Monday, October 15, 2018

And furthermore

Small improvements.  After discussing for years where it should go, we finally got a clothesline up.  Just in time for the weather to turn, and we´ll probably have to dry clothes inside anyway.



We had the posts made at a metalworks down the road. The trick was keeping it relatively close to the house, but out of potential traffic patterns, and far enough from the trees to avoid bird droppings.  Now lots of space for sheets and pairs of jeans.

The roses are giving their final performance.  Here, Apricot Nectar celebrates the cooler temperatures with an explosion of apricot. She seems to be hitting her stride in her third year.


The electrical crews came and laid waste to the areas under the high tension wires.  These guys don´t mess around!  It seems to me they might as well put down some grass and give a concession to a shepherd as pay a team of guys with heavy equipment every few years.  By next spring, this will all be bracken again.



Tasks in the garden are bringing in the (very few) pumpkins, taking out the remains of the veg, reconditioning the beds and planting fall bulbs.  The daffodils are the only bulbs that come back here, and I thought it was lack of chilling hours.  But since the voles ate half the carrot harvest and did some damage to the potatoes, now I think they ate all the tulips and crocus that were planted.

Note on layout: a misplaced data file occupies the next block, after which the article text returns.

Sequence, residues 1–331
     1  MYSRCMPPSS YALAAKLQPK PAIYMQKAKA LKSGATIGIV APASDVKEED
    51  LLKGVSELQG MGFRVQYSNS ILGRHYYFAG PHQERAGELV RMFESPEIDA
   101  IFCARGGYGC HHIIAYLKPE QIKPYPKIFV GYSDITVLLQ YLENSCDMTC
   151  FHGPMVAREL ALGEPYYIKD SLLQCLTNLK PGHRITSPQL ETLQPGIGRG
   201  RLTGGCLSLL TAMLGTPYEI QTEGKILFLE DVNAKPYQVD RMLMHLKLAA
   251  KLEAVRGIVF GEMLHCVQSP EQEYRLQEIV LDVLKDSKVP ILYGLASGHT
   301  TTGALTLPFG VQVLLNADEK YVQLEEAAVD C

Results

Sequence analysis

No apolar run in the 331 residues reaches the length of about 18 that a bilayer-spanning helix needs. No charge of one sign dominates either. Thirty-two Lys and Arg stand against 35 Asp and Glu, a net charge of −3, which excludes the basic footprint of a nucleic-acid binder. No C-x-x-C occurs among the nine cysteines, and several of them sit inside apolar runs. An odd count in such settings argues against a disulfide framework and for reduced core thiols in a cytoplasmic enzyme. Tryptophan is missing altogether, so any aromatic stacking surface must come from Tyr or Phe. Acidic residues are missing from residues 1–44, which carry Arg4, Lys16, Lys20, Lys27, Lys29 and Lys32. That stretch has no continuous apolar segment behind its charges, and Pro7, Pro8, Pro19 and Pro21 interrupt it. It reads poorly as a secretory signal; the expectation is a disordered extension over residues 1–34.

Fencing barriers and layers of grit aren´t practical in my cut-flower context.  My dear friend W, brought me a bottle of castor oil from my favorite chemist shop in Madrid on a recent visit, and I´m going to try a mix of oil, dishwashing liquid and water as a vole repellent.  I read that cats are the only reliable method of control, but Breo has vetoed that option.

In local news, a friend had an unplanned litter of puppies, so I figured flowers were appropriate for becoming a new ¨grandma¨.  More on this anon.


The sad, wet remnants of hurricane Michael are passing over this week.  Hopefully, the fire ban will be lifted and we can get the burn pile taken care of.  After that, I´m hoping to call the tractor guy to expand the planting area again and then I´ll have until next spring to trench, shape the beds and fence. 

9 comments:

  1. Thanks GZ! And have a wonderful trip! Though how you can leave that fab kiln, even for New Zealand, I don´t know.

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  2. Congratulations on your new clothes line. I wanted one like that, but we could never agree as to where to put it, so for several years I had to make do with using an clothes airer, which was a flipping nuisance! But then Lester decided not to keep hay bales in the arbre attached to the tall barn, so I took the space as my own. I bought some cheap clothes line and festooned the interior with it, and voila! One under cover drying area. I also gained an under cover sitting area for when it is hot, and did not mind sitting under the drying washing!



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  3. Hi Vera,

    Genius! Multitasking! Someday, when the barn has a roof and a floor, we´ll have covered drying space, too. We´ve been using one of those aluminum, collapsable things from the Euro store. They last about 2 years until the welds and joints start to go, though the size is great for an apartment with a balcony. I´ve hung on to the first and second ones, so I can hang them somewhere for drying herbs and flowers.

    I´d really like one of those Sheila Maid drying racks, mostly because I´ve watched way too much Downton Abbey, etc. But they seem pricey.